|Wine demands are building buildings - growing demand by wineries for more space for processing and storing wine
The growing demand for premium varietal wines has wineries scrambling for more space for processing and storing wine. Crush, tank storage and case and barrel storage areas are being expanded. There are also new wineries being built to keep up with growth. Other wineries are remodeling and expanding visitor facilities and putting in event centers as hospitality plays an ever more important role as a winery profit center.
All this means architects, engineers and construction firms are staying busy. Andy Hall, a partner in the architectural firm of Hall & Bartley, said, "We are getting some new jobs, but mostly people are expanding. Sales are really driving the whole thing. Wineries are meeting the demand by getting bigger," he said.
A current client is St. Francis, where a new production and barrel storage facility is being built north of the old winery site in Sonoma Valley. A new tasting room and hospitality center is on the boards.
Hall & Bartley grew out of Keith & Associates, which did pioneering Sonoma wineries like Jordan and Chateau St. Jean in the 1970s. More than 75% of their work is winery related. Recent work includes the Marimar Estate winery in the Russian River Valley and Michel-Schlumberger in Dry Creek Valley.
Villa Toscano Winery, now under construction outside of Plymouth in Amador County, is one of several new or expanded facilities tapping into a new approach to construction, at least it's new to the wine business. The insulated concrete wall-forming system being used at Villa Toscano has been around for at least 30 years, according to Mike Dalzell of AAB Building Systems. The AAB system, called BlueMaxx was introduced to the wine industry at the Unified Symposium trade show last January in Sacramento and response has been good, according to Dalzell, who is based in Eugene, Ore. and is regional technical manager of BlueMaxx.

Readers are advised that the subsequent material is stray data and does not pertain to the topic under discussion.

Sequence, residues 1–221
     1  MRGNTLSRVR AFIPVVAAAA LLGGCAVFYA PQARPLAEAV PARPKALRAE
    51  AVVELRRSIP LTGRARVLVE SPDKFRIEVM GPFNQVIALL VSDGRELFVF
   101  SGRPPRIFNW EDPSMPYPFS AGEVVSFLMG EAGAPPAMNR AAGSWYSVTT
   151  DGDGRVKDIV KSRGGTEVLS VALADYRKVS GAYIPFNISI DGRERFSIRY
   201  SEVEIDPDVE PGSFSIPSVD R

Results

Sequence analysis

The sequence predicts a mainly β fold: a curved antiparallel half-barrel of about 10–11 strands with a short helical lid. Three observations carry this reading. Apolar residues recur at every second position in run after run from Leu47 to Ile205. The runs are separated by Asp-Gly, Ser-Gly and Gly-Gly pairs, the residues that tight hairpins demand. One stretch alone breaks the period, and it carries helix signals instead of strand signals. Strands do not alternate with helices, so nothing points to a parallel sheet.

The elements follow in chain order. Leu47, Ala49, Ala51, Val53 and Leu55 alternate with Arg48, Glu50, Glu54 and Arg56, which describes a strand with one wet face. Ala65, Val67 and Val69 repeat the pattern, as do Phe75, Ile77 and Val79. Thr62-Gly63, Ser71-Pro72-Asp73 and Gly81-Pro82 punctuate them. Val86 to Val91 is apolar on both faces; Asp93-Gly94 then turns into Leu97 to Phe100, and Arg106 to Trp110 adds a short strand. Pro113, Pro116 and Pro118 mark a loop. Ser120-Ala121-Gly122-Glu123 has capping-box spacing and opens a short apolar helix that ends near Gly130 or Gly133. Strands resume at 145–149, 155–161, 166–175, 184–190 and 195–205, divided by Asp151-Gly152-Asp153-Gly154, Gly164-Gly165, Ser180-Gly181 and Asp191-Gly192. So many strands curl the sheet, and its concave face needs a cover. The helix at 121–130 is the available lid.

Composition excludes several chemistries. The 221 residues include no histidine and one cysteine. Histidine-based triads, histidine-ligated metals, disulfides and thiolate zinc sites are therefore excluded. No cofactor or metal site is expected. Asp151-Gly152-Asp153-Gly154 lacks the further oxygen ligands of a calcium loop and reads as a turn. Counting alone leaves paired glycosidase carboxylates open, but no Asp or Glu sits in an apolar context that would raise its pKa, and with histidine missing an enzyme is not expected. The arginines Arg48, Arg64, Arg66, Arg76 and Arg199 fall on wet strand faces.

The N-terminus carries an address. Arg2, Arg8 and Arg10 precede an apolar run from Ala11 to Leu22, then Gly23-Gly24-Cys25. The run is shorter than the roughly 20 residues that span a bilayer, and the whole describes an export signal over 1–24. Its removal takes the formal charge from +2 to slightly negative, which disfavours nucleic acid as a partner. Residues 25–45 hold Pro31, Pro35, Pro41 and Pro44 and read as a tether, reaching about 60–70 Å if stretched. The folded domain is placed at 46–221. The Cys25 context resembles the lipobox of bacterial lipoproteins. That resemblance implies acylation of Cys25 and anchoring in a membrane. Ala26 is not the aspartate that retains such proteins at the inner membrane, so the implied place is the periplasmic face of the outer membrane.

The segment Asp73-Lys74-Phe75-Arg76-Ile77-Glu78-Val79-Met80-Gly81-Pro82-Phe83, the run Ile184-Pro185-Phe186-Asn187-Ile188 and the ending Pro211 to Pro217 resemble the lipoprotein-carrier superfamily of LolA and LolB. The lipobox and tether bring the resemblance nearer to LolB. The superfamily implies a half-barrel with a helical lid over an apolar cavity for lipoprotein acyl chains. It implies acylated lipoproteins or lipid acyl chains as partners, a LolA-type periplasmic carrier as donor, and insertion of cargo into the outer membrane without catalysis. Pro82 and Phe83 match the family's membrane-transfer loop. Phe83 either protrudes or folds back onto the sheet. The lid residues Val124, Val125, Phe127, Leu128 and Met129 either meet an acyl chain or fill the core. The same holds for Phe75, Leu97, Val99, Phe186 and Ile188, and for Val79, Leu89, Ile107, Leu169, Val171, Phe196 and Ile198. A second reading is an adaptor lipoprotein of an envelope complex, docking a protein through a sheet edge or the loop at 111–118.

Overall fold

"It's been used in everything from residential to hog barns to abalone tanks. The wine business is new for us, but it looks like a natural," Dalzell said.
The system is based on interlocking stacking form units, consisting of two flame-resistant panels of expanded polystyrene (EPS) connected by high density plastic webs that are molded in during the manufacturing process. The forms, which are lightweight and can be cut with a handsaw, are then filled with concrete, providing a wall from 6 1/4-to-8 inches thick. The resulting wall has an insulation value of R22 and a fire resistance rating of three or four hours, depending on the thickness of the wall. Reinforcing bars can be placed where necessary to satisfy strength requirements for below or above-grade load bearing walls, beams, lintels, and shear walls. It may not be of great importance for wineries, but the forms are also good sound barriers.
The forms have an interlocking mechanism on their top and bottom edges, making stacking easy and to prevent movement of the forms while concrete is being poured. One standard form unit equals six concrete blocks.
Jerry Wright, owner of Villa Toscano, is a former real estate developer who went for the BlueMaxx system because of the speed of construction. "I liked the speed and the simplicity of putting it up," he said.
The winery will be finished in time for the crush this fall, Wright said. He is making Zinfandel, Syrah, Barbera, Sangiovese, Viognier, Cabernet Sauvignon, Cabernet franc and Chardonnay from 62 acres of vineyards. The winemaker for the startup winery is Gordon Benz.
The BlueMaxx system will also be used for the construction of a new luxury bed-and-breakfast facility at the Martin-Weyrich Winery (formerly Martin Brothers) near Paso Robles. The structure was designed by the Studio Design Group (SDG) in Paso Robles.
"It's the first time we've used the BlueMaxx system," Tim Ronda of SDG said. "We think it should work very well. The structure was designed to give the look of an Italian villa, so we wanted thick walls with deeply recessed windows. In order to achieve that we would have had to frame with layers of steel or wood, but the BlueMaxx system gives us that look." SDG also designed the new tasting and hospitality center at Martin-Weyrich.